Three more species are erect-growing plants, not very vine-like and they are all uncommon. Fremont’s leatherflower (Clematis fremontii ) is state endangered and only found in one location; curlyheads (Clematis ochroleuca) is state listed as special concern; and Alabama leatherflower (Clematis socialis) is state endangered and only found in one location. I have been fortunate to photograph two of these special species. These are not plants that will be in our gardens but hopefully we can keep them safe in the wild.

Clematis socialis
Clematis socialis



















Clematis fremontii being grown for conservation use

The last species is the most rambunctious and also is often confused with a non-native relative. Virgin’s bower (Clematis virginiana) is a white, open flower that grows in moist areas and often blooms in abundance, making a large mass. It is quite similar to sweet-autumn clematis (C. terniflora); I can only tell them apart by looking at the foliage (the non-native species has smooth leaf margins). Both are vigorous growers, growing as much as 20 feet in a season. They bloom from July to September and have no fragrance. The native species can retain some of its woody growth from a previous year.

Clematis virginiana

Depending on where you are, I would certainly recommend that you add either C. viorna or C. crispa to your garden. They are unique and elegant flowers on relatively well-behaved vines that will add both charm and diversity to your native plant insect buffet.


Closer look of Clematis virginiana
Many Clematis species have beautiful seedheads too



Sunday, May 26, 2019

Native Plants for Native Bees


Support for pollinators is increasing as the message about their importance circulates to even wider audiences. Pollinator Week was created twelve years ago and is now celebrated world-wide, taking the message even further. I have been frustrated every year with graphic images that get circulated showing “flowers to support bees” but which contain 80% non-native plants and largely reference benefits to honey bees (which are great but they are not native to the US).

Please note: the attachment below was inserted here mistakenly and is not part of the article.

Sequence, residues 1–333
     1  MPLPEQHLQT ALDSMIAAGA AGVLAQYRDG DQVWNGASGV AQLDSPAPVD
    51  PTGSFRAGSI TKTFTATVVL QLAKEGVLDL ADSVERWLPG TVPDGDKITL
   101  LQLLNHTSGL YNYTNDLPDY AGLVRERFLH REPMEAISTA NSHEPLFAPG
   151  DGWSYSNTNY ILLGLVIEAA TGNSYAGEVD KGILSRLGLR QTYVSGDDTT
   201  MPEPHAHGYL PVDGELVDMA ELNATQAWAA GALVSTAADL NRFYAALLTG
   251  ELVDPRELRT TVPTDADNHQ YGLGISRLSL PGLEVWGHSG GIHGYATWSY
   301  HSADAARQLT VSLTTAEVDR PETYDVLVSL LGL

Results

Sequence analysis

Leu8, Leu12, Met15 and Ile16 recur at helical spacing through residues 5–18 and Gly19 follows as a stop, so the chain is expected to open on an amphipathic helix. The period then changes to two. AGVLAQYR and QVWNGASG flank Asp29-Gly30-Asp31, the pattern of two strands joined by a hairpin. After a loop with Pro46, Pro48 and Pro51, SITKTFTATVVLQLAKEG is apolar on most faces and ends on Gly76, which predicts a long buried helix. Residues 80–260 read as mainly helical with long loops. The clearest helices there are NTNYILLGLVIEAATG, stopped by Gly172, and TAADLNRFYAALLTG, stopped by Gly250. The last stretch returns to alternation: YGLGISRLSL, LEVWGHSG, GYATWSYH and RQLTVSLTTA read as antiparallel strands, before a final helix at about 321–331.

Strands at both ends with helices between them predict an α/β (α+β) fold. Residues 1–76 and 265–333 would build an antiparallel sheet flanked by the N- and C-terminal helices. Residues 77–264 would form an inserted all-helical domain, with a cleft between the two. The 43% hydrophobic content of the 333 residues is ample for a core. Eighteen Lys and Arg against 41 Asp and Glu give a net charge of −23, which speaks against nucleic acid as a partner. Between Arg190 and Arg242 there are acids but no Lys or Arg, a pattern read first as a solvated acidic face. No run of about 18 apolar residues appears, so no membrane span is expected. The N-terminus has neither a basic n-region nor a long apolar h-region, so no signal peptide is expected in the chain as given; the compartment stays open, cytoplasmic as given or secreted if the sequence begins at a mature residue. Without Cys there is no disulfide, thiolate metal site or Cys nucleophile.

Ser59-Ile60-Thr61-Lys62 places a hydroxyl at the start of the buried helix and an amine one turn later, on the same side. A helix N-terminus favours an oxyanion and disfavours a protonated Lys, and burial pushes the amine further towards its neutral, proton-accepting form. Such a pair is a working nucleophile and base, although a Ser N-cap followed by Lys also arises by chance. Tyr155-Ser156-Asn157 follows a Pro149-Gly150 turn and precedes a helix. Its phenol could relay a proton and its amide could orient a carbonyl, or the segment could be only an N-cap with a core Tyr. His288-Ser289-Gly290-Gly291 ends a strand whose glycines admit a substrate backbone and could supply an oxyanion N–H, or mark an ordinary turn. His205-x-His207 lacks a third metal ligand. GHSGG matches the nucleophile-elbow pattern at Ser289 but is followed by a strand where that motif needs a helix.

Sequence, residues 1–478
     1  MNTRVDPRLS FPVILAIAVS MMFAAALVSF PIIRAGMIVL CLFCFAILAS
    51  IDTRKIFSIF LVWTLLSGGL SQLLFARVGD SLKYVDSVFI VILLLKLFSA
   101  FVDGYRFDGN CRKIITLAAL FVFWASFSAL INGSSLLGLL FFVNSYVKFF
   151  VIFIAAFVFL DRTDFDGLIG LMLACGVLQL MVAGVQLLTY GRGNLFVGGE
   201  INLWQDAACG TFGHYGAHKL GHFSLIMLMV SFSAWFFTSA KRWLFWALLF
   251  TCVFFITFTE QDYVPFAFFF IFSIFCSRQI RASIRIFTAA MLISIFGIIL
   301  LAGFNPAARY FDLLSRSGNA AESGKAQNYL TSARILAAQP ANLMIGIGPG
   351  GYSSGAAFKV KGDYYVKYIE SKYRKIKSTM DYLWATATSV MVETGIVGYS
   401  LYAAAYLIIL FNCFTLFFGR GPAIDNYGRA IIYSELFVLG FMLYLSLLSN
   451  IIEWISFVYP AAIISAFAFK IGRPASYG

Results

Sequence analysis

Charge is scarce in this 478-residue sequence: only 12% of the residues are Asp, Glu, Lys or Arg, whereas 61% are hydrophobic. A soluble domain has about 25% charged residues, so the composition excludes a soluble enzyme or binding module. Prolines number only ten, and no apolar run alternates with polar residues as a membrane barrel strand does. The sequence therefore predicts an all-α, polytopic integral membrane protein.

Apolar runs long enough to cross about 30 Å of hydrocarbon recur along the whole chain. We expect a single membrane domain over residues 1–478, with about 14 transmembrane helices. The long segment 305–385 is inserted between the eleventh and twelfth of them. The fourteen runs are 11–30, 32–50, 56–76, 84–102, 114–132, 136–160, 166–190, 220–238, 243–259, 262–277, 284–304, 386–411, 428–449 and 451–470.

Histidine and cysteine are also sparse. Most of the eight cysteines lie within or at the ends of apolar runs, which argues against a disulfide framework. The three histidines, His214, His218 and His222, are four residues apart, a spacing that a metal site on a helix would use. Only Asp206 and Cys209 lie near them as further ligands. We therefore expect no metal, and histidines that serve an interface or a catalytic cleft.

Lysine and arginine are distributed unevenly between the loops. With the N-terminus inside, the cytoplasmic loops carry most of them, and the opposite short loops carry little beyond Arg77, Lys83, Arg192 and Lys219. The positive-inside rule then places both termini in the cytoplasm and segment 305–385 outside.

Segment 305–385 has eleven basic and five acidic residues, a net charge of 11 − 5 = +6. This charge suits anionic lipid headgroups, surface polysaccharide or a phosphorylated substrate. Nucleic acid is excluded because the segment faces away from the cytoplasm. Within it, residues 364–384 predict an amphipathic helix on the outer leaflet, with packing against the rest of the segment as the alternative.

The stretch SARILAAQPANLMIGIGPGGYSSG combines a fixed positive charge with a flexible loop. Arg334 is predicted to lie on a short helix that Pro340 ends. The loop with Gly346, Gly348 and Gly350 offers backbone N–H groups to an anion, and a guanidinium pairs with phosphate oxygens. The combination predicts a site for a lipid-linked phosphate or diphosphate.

I have told myself for years that someone needs to create one for native bees. This year, I finally did it (with the help of my very talented husband, of course). Since this blog is Georgia-focused, the graphic that we created focuses on southeastern native plants (I hope this inspires other regional lists). Unlike other graphics which focus on herbaceous plants, I have more realistically included some woody shrubs and trees as well since native bees use them too.  

The plant photos are my own and the two bee images are educational photos from Clay Bolt’s website. The big one on the left is our most common bumble bee, Bombus impatiens (I love how it is named for a native flower that it frequents, Impatiens sp.). He didn’t identify the bee on the right, but I think it is also a species of bumble bee (please post in the comments if you know it).

I have written many times about supporting our native bees and you can find a list of those posts by clicking this link. The list on this graphic is unfortunately short due to the nature of people wanting a quick and colorful graphic. I deliberately only listed the genus name of these plants; each one can have a variety of species which you can choose to use. You can find 10 pages of native plant recommendations by looking at my Spring, Summer, and Fall lists in my latest pollinator post here.

Bumble bee on partridge pea
Metallic green bee on milkweed















Southeastern blueberry bee
Leafcutter bee on orange coneflower












Native bees have unique relationships with native plants that they don’t have with non-native plants. While some can certainly benefit from the non-native plants recommended in the other graphics, some of them will go hungry. In addition, native plants also support other herbivore insects like moths and butterflies that use them for host plants. And honey bees can use our native plants too, of course.

Bumble bee on bushy St. John's wort

Bumble bee on wild bergamot

Unknown bee on aster

Unknown bee on redbud

Small carpenter bee on wild plum

Feel free to download this graphic (it is a jpg) and share it far and wide. Let’s get the message out louder for native bees and the native plants that support them.



Sunday, May 19, 2019

A Plague of Black Locust


I’ve recently returned from a trip to Italy where we learned about how the population of Rome plummeted during various plague events. In evidence this time of year was a whole different kind of plague - an infestation of black locust (Robinia pseudoacacia), a plant that was brought to Europe in the 1600’s from explorations to North America.